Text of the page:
Pentagon Gives 5G Testing $600M Amid Backlash
This month, the U.S. Department of Defense provided $600 million to support 5G experimentation and testing at American military sites, "the largest full-scale 5G tests for dual-use applications in the world," according to an Oct. 8 statement.
The contracts were handed out to several companies, including corporate giants AT&T, Booz Allen Hamilton, GE, General Dynamics and Deloitte. The companies will roll out 5G testing in five military sites, with some of the projects delving into 5G-enabled virtual reality capability, smart warehouses and spectrum-sharing, according to the statement.
The move "demonstrates the department's commitment to exploring the vast potential applications and dual-use opportunities that can be built upon next-generation networks," said Michael Kratsios, Acting Under Secretary of Defense for Research and Engineering.
However, the awards came amid backlash to the U.S. government's rumored proposal to operate its own 5G network.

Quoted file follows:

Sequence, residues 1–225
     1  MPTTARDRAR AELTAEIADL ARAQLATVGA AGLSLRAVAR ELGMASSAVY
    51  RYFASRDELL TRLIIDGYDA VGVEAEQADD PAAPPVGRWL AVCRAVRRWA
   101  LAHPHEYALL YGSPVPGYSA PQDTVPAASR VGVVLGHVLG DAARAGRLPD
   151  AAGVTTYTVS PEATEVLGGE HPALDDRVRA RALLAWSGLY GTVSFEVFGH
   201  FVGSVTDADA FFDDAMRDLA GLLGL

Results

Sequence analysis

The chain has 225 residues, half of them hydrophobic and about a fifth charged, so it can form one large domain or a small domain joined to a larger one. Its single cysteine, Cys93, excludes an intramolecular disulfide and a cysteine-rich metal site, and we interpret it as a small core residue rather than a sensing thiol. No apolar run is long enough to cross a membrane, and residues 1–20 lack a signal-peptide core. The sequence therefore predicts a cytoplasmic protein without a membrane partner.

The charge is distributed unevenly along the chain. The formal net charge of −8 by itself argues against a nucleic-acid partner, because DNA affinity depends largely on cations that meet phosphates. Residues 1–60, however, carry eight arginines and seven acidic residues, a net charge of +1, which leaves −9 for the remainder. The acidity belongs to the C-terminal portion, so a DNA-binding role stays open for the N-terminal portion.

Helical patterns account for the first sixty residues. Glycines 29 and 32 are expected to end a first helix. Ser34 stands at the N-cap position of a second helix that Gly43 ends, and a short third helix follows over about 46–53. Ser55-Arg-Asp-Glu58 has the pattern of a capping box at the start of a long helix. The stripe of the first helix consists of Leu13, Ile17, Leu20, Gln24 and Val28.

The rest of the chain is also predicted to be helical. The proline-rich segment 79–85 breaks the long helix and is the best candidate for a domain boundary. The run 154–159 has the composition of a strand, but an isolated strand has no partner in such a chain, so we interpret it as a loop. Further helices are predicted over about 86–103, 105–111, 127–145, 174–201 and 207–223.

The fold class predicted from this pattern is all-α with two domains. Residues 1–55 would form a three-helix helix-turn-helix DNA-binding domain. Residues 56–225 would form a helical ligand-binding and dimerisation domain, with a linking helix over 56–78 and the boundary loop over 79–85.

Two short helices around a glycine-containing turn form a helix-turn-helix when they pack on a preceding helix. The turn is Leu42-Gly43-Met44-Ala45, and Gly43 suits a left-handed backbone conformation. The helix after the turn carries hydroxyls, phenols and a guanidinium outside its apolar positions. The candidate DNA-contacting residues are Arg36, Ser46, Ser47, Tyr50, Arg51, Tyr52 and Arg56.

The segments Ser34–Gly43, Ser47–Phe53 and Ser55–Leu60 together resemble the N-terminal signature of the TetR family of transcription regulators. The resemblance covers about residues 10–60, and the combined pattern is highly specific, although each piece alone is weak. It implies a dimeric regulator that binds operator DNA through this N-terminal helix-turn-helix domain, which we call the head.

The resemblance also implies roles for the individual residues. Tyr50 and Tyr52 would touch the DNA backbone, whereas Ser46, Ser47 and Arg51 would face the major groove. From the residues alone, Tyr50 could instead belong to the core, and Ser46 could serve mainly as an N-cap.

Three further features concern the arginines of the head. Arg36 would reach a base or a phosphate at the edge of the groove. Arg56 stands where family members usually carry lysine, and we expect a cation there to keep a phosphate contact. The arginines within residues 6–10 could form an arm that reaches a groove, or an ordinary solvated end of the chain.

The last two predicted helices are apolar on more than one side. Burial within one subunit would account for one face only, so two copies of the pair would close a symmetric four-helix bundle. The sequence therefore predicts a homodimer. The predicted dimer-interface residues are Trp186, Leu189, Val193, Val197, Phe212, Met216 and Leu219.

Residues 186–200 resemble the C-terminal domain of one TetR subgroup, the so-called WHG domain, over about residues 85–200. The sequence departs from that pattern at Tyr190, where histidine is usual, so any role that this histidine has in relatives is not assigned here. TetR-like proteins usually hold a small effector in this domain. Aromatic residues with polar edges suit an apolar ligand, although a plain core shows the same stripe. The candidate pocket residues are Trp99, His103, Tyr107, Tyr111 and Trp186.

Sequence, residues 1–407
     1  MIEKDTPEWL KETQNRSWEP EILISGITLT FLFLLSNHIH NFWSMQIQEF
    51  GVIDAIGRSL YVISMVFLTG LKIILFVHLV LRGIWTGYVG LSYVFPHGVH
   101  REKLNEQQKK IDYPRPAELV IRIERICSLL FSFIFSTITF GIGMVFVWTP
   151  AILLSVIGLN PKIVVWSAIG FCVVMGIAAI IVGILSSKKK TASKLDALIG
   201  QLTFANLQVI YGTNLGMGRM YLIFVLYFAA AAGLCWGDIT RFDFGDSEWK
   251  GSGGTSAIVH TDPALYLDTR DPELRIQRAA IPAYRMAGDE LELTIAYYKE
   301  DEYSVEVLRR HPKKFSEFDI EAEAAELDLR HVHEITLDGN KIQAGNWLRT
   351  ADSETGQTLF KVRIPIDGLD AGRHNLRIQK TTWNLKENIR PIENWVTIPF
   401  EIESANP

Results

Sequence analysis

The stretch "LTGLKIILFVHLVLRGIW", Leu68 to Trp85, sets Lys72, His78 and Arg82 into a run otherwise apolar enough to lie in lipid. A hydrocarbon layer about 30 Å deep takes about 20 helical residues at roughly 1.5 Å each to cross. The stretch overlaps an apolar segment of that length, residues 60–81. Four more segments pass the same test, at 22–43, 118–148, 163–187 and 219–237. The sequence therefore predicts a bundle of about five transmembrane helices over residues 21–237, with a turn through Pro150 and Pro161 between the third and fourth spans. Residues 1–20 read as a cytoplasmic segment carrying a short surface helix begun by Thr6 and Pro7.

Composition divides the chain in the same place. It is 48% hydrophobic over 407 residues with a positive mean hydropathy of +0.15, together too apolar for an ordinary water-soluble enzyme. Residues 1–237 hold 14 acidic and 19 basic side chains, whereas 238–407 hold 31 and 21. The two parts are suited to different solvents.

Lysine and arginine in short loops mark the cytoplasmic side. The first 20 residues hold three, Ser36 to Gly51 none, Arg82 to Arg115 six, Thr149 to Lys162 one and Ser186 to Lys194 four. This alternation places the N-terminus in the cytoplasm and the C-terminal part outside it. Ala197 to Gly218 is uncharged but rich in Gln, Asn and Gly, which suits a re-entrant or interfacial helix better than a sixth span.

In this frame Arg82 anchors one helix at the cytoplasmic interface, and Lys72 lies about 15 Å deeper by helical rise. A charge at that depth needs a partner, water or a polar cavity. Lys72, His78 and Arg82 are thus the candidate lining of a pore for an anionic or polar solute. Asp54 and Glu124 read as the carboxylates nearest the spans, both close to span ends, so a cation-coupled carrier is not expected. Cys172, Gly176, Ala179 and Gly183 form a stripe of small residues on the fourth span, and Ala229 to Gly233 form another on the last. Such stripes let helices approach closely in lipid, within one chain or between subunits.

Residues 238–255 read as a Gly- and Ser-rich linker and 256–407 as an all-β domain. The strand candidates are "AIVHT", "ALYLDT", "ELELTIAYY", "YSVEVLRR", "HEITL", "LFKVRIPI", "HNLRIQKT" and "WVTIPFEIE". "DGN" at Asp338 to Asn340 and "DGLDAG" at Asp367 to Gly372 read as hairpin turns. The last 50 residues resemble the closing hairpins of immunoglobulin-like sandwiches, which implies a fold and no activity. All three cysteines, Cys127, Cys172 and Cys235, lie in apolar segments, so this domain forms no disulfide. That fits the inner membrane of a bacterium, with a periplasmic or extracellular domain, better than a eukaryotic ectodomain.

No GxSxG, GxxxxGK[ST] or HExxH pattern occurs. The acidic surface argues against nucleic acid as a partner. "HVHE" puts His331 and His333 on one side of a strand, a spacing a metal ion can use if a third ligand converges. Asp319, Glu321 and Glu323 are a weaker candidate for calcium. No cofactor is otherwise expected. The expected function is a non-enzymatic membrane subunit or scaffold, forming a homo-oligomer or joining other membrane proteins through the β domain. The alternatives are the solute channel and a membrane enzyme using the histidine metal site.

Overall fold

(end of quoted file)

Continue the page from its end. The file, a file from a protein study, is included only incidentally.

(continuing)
On Sept. 30, Democrats at the Federal Communications Commission and 19 Republican senators criticized the Pentagon's recent inquiry into spectrum-sharing, signaling their belief that the Pentagon is wrongly looking to create a nationwide 5G network. Lawmakers across the political aisle further moved to stop the effort on Oct. 7 with separate bills in the House and Senate that would block a government-run 5G network.
Feds Spend $861M for Two COVID-19 Treatments
On Oct. 28, the U.S. Department of Health and Human Services and the U.S. Department of Defense said they would purchase $375 million worth of Eli Lilly and Co.'s experimental COVID-19 treatment.